Why ‘The Ecology of Dinner’?

As Michael Pollan tells us in his book ‘The Omnivore’s Dilemma’, eating is a political act. And he’s right. Pretty much anyone and everyone who eats is influencing food policy through what they choose to put on their plate. Although a single trip to the supermarket, farmers market or local greengrocer might not seem like a major political statement, our choices of where to shop and which foods to buy can change the way food is produced and sold. Just this year supermarkets have reported sales of organic produce continuing to increase, with a wider range of organic products being purchased by shoppers looking for good quality, affordable food. A bigger market share for organic foods not only supports farmers who are already growing organically, but encourages others to consider converting to organic production too. A great example of how we can influence farming methods through making informed choices.

Michael Pollan also says that eating is an ecological act. Our dinner is part of an intricate web of ecological relationships, from the soil and seeds through to harvest and eating. Anyone who has grown vegetables or kept a few hens in the back garden will have some insight into the ways nature and food production are related. Writer and grower, Michael Kelly calls this ‘food empathy’ – a deeper understanding of and connection to where our food comes from.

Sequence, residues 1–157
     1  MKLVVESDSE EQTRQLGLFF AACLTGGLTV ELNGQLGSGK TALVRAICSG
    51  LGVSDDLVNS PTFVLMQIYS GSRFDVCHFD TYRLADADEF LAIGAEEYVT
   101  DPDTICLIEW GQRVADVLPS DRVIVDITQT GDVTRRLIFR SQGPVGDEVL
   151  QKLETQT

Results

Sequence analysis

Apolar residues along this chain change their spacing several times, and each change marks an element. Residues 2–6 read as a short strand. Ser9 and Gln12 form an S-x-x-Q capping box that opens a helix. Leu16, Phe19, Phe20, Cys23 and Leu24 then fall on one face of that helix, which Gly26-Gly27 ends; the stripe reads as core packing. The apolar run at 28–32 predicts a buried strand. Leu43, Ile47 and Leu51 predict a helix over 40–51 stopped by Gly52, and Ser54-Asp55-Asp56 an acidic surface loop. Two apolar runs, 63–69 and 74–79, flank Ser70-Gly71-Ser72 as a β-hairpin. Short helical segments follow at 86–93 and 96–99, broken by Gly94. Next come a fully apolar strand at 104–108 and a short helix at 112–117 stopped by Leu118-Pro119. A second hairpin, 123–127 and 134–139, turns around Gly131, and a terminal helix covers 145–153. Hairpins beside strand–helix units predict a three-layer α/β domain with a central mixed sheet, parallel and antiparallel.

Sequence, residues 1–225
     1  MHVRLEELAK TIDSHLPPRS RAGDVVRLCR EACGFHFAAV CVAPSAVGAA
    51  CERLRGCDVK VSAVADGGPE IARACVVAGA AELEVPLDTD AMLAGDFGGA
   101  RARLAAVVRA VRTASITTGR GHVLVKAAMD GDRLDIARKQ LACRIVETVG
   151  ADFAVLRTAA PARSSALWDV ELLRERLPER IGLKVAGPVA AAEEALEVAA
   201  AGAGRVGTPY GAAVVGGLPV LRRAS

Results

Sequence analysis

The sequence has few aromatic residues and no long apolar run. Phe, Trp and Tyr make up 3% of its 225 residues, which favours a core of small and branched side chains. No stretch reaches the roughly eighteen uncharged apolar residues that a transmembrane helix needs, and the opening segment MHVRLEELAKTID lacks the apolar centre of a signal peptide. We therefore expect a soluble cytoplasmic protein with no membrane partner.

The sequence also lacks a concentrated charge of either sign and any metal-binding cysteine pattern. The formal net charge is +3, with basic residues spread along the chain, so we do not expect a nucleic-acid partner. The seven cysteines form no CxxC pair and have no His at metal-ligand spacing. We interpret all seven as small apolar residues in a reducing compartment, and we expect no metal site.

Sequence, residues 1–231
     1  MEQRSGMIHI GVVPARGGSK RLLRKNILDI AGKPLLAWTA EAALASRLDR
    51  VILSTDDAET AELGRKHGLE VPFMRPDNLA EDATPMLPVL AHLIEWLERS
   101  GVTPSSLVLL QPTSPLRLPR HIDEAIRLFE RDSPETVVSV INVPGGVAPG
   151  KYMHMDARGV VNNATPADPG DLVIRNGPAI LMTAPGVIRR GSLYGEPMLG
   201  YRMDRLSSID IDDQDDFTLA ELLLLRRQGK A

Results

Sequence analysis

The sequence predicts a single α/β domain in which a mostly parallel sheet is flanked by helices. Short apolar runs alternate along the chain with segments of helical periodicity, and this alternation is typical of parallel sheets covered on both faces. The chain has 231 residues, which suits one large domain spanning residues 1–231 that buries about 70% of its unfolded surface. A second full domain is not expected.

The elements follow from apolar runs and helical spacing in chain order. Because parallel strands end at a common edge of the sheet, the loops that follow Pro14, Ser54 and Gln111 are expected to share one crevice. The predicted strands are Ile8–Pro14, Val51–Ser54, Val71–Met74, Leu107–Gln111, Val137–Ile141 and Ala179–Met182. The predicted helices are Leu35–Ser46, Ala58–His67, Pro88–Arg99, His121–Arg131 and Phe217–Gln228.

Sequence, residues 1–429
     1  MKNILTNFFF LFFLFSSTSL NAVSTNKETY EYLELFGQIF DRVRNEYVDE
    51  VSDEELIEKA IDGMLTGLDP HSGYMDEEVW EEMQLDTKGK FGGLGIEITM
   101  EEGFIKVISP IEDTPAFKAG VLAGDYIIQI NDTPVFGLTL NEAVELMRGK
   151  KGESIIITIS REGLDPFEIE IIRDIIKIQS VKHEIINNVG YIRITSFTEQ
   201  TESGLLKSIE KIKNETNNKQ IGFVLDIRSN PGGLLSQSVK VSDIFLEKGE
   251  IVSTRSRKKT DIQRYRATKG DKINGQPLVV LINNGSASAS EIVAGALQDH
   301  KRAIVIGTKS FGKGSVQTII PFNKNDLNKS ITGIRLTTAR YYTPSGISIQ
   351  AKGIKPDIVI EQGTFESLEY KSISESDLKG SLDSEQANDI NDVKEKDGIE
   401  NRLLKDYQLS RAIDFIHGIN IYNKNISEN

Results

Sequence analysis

The processes involved in producing food and getting it onto our plates – agriculture, fishing, manufacture and transport, have all made a marked impact on the planet. You only need to open the newspaper to find stories of rainforests being destroyed to make way for palm oil plantations, bee population declines being linked to pesticide use, and how agriculture is contributing to greenhouse gas emissions. But there are positive stories too. Individuals and groups of people who are working to ensure food production is efficient and sustainable. These are the stories I want to focus on here. The inspiring, informative and practical stories of how food can be produced when the importance of the ecology of dinner is taken into consideration.

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